There are lots of questions circulating in both Georgia and South Carolina as to why certain businesses are closed, while others are open. An area of industry that continues to be a topic of discussion is manufacturing plants, many of which are still operating during the COVID-19 crisis.
Economic Development Partnership serves Aiken, Edgfield, Saluda and McCormick Counties. On Wednesday, we talked to EDP President Will Williamson about how factories in South Carolina are adapting to the challenges created by COVID-19.
Williams pointed out that many employees in local factories are already required to wear protective gear and companies have increase sanitation methods recently.
“Some of the companies that we have are pharmaceutical producers and food producers so they’ve got excellent hygiene, but they’re being extra diligent with those kinds of activities in the facilities,” Williams says.
Some are fearful of the health risk involved for the factories that are still operational. Williams says some plants are manufacturing items that are integral in the face of a pandemic. One example he gave, Kimberly Clark in Beech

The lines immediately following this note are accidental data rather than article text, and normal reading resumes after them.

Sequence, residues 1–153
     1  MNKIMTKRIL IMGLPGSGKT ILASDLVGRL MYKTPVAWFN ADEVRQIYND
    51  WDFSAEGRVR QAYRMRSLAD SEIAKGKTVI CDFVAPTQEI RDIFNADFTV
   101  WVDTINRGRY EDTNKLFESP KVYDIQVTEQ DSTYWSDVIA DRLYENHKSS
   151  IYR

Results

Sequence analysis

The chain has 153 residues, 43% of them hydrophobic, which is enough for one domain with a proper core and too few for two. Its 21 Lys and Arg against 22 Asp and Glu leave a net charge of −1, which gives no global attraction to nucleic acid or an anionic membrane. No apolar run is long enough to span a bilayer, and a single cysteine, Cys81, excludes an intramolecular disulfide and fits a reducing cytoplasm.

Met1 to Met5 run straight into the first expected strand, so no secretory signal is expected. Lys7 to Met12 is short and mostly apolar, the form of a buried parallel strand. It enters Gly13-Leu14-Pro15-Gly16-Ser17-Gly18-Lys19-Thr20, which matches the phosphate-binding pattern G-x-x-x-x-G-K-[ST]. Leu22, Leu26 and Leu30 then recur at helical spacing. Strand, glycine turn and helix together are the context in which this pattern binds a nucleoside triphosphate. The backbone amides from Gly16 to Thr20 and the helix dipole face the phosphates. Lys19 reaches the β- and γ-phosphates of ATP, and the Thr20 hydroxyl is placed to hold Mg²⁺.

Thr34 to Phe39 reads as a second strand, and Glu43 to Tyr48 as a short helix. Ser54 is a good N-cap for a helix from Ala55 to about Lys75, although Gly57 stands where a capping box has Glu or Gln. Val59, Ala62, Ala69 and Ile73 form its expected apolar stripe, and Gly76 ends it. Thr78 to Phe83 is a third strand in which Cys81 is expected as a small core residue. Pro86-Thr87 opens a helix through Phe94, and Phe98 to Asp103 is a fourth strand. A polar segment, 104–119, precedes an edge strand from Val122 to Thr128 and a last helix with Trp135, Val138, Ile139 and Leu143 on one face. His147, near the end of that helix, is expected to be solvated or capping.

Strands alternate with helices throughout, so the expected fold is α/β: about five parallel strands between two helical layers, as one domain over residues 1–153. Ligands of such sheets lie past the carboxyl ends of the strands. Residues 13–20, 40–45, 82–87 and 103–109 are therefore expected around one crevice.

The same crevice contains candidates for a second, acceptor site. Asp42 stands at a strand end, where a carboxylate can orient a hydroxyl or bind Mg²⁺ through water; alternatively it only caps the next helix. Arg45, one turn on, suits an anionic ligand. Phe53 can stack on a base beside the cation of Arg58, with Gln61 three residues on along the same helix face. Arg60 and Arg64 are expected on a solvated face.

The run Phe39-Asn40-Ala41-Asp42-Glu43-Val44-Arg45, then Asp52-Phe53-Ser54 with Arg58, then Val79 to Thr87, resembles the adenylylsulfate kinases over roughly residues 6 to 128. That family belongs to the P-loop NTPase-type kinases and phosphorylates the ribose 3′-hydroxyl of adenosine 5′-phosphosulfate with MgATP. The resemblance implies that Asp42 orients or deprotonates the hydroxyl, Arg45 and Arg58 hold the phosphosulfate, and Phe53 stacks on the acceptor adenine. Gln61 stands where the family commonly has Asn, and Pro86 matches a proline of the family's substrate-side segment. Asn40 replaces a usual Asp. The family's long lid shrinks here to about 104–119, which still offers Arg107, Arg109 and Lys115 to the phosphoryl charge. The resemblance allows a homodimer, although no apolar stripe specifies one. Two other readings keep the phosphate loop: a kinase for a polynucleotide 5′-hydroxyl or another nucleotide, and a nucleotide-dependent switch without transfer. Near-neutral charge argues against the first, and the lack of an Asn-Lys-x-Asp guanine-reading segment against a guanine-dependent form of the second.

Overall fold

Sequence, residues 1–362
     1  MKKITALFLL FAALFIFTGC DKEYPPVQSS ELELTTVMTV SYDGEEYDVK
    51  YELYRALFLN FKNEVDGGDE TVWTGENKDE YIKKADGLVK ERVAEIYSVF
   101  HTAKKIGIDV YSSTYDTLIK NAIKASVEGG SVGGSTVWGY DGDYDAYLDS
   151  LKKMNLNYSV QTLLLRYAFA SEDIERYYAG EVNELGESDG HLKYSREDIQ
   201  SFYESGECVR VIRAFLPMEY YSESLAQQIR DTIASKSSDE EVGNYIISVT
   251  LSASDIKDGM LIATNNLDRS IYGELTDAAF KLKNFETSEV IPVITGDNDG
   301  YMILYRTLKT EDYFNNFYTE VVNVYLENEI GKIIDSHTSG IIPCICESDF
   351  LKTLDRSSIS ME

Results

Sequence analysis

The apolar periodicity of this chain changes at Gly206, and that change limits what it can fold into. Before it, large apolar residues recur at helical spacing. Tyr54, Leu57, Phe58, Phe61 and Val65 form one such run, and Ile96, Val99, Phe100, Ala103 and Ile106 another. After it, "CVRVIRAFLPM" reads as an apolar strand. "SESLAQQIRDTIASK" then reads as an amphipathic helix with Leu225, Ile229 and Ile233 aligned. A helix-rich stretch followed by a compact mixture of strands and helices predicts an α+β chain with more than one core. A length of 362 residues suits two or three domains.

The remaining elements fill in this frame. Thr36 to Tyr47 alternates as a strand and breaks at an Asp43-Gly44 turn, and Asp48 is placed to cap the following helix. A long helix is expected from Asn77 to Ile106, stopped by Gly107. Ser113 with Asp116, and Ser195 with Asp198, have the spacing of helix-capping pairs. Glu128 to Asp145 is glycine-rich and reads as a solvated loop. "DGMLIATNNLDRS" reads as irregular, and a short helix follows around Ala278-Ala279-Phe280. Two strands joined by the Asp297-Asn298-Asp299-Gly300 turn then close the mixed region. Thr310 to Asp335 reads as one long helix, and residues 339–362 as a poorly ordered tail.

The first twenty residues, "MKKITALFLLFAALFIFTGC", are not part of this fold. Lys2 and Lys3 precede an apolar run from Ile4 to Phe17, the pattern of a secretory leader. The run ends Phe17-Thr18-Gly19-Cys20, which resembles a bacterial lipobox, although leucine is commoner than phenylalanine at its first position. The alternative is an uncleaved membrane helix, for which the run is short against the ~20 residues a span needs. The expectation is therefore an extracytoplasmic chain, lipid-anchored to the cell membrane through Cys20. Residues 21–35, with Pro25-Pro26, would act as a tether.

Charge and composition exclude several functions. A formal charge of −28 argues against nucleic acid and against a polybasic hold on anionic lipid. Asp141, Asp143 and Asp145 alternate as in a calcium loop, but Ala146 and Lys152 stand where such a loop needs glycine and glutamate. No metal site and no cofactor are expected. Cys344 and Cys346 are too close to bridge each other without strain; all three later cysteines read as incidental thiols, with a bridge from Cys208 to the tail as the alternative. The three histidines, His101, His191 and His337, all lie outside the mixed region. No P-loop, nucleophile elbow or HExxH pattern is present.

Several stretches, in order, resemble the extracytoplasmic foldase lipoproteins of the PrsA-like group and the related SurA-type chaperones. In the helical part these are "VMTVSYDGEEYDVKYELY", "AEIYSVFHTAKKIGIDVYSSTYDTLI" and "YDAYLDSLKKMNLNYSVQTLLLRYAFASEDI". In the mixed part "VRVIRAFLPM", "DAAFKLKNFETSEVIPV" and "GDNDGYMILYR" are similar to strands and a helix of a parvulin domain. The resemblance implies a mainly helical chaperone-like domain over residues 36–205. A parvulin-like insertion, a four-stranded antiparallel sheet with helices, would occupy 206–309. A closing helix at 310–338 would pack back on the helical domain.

“So many of these manufacturers produce things that we all need today and so you’re going to purchase those products, those employees are going to get paid and those employees are going to use what they make to buy things so the economy can continue to move, albeit at a slower pace, but we won’t just come to a complete standstill,” Williams says.
Disruptions to the supply chain from China have affected some industries in Aiken and the surrounding counties, but from what Williams has noticed, the impact has not been as drastic as other parts of the country.
“Several companies have already temporarily closed their operations down not just out of caution, but also because market conditions have softened,” Williams says.
According to Williams, there are several manufacturing facilities that are in the process of re-tooling their operations to help with the COVID-19 crisis.
“Minority Filters in Edgfield County, they produce filtration bags,” Williams says. “They may be able to convert over and make things to help in filtration of air in hospitals.”
To those of you who are struggling without a job right now, Williams knows of at least 2 local factories that are hiring.
Williams suspects that the negative changes forcing the manufacturing industry to rapidly adapt will have a positive impact in the long run.
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